Carole King and James Taylor at the Troubadour
That headline was probably used for an article 30 or 40 years ago, and improbably it can be used for a series of benefit shows this week. Partly as a celebration of the storied venue’s 50th anniversary and mostly as a benefit for charities (including Natural Resources Defense Council, MusiCares, Alliance for the Wild Rockies and the Los Angeles Regional Foodbank) the pair delighted the packed crowds for six shows across three nights.
Appearing as a duo for many songs, Taylor and King reprised songs from their 1969 debut at The Troubadour. They traded off vocals on several key songs, and added unique harmony to most of the others.
At the top of the set, King’s “So Far Away” and Taylor’s “Carolina In My Mind” set the stage for a warm and intimate evening. Eventually joined by Taylor’s classic band, a fuller sound emerged with tunes like “Smackwater Jack” and “Machine Gun Kelly.” The Section (guitarist Danny “Kootch” Kortchmar, drummer Russ Kunkel and bassist Lee Sklar) were in fine form, with Kortchmar reeling licks both fresh and familiar.
King and Taylor made inevitable references to the distance of time since their first appearances on The Troubadour stage. Taylor’s early comment “we reportedly played here often” hinted at his long-kicked drug issues. Later, when a woman squealed in delight after Taylor’s “Country Road,” King quipped “just be concerned when they start throwing bras.” She quickly followed up with the night’s zinger “I hear women are wearing them again now.”
“Fire and Rain” highlighted Kunkel’s innovative brushwork. (A few of us recalled how The Simpsons used the song’s chorus when Homer was mucking things up as an astronaut “Sweet dreams and flying machines in pieces on the ground”).
Taylor provided the well-known backstory to his foray into the music business. In 1968 he played “Something in the Way She Moves” to Peter Asher, who played it for McCartney and Harrison. Soon Taylor was signed to The Beatles’ famous Apple Records. King picked up the thread, goosing Taylor to admit that “Harrison liked the song so much he wrote it again.” Taylor certainly has overcome any trepidation at the success Harrison had with the lyrical theme; before launching into his song he called it the biggest musical break possible.
King addressed a thought that was invariably coursing through the minds of the industry-heavy crowd. Sweeping her hand across the stage, she said, “This is where it starts, with the singer and the songs. We now have Pro Tools and computers and the rest, but this is how it is really done.” She then performed a tremendous version of a song she wrote with Gerry Goffin (which captures a timeless sentiment faced at least once by at least half the population), “Will You Still Love Me Tomorrow.”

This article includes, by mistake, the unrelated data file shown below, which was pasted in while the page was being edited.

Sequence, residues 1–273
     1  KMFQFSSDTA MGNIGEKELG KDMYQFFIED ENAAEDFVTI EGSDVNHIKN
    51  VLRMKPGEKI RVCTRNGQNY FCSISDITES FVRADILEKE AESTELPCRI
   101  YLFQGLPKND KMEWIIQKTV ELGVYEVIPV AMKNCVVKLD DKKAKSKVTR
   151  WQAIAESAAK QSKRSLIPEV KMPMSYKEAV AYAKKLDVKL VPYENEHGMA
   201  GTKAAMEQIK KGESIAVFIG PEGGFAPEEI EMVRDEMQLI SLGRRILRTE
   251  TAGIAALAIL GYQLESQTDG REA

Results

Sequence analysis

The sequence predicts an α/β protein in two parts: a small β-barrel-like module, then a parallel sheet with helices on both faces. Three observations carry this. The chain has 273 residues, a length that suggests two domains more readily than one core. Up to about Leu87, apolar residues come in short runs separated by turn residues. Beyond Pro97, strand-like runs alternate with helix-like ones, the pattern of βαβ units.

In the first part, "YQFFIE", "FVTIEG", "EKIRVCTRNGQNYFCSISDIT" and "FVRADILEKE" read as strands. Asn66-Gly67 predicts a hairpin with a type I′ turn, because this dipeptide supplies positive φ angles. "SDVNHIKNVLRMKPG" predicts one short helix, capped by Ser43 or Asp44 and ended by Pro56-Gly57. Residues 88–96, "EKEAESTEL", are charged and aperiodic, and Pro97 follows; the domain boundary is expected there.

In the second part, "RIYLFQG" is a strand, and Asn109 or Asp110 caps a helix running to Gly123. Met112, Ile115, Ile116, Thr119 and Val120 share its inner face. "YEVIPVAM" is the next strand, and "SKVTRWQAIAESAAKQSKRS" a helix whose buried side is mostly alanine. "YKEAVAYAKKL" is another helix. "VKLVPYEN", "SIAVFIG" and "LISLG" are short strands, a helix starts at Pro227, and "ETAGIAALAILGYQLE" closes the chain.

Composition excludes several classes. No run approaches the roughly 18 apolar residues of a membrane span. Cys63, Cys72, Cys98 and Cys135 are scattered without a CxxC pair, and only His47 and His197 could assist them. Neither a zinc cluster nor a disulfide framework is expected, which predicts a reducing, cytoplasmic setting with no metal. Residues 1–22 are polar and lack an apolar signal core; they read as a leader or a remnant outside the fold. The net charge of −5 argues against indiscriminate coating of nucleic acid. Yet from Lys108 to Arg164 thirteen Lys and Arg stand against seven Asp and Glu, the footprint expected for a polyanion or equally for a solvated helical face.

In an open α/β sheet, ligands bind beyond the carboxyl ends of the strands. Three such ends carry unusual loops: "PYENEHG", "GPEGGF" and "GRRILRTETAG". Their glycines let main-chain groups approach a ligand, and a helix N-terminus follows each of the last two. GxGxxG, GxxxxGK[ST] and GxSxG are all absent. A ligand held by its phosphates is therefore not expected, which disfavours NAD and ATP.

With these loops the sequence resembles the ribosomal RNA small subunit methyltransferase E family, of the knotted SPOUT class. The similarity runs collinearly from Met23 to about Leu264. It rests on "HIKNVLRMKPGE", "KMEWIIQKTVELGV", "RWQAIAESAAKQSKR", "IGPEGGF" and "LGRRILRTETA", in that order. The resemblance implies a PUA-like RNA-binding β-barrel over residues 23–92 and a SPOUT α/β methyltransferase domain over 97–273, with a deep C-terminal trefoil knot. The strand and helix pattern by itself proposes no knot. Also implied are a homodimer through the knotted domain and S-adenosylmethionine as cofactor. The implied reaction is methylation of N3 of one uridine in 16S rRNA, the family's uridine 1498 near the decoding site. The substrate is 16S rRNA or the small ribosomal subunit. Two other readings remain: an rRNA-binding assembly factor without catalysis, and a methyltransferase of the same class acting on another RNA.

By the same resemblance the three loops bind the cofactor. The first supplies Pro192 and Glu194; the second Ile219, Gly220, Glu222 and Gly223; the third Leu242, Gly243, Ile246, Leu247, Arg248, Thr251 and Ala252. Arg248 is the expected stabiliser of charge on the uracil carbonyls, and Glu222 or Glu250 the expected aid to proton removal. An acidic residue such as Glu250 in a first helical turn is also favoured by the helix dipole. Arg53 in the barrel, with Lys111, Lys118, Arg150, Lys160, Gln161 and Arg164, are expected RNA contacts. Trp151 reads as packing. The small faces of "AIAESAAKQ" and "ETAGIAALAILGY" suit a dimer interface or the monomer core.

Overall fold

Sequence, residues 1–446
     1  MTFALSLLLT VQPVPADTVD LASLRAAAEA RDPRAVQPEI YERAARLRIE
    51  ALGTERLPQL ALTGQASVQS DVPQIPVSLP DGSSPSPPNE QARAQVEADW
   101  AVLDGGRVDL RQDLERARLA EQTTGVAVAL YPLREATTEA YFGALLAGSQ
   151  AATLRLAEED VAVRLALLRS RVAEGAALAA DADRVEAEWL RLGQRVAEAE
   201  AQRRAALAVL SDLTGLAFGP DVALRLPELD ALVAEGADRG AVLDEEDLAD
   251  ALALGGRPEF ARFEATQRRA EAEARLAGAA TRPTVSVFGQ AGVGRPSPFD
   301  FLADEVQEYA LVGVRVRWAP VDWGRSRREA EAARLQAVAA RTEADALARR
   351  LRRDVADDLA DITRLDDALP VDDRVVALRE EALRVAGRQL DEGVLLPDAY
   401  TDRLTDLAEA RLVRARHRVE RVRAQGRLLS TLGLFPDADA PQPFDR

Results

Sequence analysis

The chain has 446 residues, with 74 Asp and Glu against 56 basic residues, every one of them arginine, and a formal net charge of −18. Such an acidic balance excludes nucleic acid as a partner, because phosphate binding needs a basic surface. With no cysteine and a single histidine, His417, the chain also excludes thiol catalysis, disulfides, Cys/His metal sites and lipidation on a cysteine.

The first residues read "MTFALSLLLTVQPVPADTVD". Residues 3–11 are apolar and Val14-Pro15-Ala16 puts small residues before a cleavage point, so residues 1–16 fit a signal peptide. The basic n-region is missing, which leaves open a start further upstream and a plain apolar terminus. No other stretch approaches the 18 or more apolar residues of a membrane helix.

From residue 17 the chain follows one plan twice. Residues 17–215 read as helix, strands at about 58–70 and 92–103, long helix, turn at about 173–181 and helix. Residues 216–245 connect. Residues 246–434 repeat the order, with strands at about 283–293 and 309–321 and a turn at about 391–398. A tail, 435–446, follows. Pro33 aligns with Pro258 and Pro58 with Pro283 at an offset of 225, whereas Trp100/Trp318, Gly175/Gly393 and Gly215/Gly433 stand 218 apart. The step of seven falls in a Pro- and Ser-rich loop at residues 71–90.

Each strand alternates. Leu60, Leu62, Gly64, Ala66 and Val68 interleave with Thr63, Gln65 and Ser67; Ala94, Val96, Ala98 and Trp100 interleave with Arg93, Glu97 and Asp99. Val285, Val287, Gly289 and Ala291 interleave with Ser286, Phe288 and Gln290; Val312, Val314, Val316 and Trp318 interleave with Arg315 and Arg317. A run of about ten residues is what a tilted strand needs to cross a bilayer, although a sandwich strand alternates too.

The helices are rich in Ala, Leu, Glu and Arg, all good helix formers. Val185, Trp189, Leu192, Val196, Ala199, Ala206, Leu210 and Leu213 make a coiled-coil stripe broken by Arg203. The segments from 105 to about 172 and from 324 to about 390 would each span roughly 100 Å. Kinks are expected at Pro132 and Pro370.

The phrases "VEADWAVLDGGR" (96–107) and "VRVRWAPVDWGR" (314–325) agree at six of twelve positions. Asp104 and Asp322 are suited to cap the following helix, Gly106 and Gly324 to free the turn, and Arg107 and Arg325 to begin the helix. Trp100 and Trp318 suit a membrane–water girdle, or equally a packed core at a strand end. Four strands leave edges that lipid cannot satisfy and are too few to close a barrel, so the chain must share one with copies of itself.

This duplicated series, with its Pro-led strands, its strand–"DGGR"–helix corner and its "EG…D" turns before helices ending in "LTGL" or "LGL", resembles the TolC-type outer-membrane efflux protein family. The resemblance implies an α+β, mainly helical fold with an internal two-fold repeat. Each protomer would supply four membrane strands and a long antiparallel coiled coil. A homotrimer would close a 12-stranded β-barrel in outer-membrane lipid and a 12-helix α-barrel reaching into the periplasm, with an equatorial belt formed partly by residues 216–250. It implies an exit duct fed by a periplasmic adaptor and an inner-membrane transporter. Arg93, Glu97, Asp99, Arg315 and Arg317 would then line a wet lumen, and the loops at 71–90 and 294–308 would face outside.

The audience was peppered with fellow travelers: Jane and Peter Fonda, Jackson Browne, Rick Rubin. Near me, taking a break from his Laker’s courtside seat with Jack, was Lou Adler. It was on his label that King released her epochal Tapestry album, for many years the biggest selling album of all time. I was curious what Adler was thinking as he stood watching King, from all those years go. After the show, he admitted “She’s still got it.”
King had the crowd in her hands with “It’s Too Late” and “A Natural Woman.” Her voice may not reach the high notes we recall from the original recordings, but her peerless emotion shined through. Taylor’s delicate voice remains emotive, and he was far more proficient on acoustic guitar than on the rare occasion he strapped on the Fender electric guitar. During the fuller band songs, the lanky and less hirsute Taylor gamely strummed along.
As the concert swung to a close, Taylor told how he came to write “Sweet Baby James” driving to North Carolina to see his newborn nephew. Then came the most poignant moment of the evening. He pointed up to the balcony to the exact position he was standing when he first watched King perform “You’ve Got A Friend.” He worked out an arrangement for guitar that night and has since played it every time he steps on stage. This time, like few times before, he traded verses with the author. There were very few dry eyes in the house during the achingly beautiful rendition.
The encore was another verse-trading gem they each made famous, the Goffin-King “Up on The Roof.”
Both Taylor and King have reached a rarified position of true artistic and commercial achievement. They defined the role of singer-songwriter, and their stars have not diminished across the decades.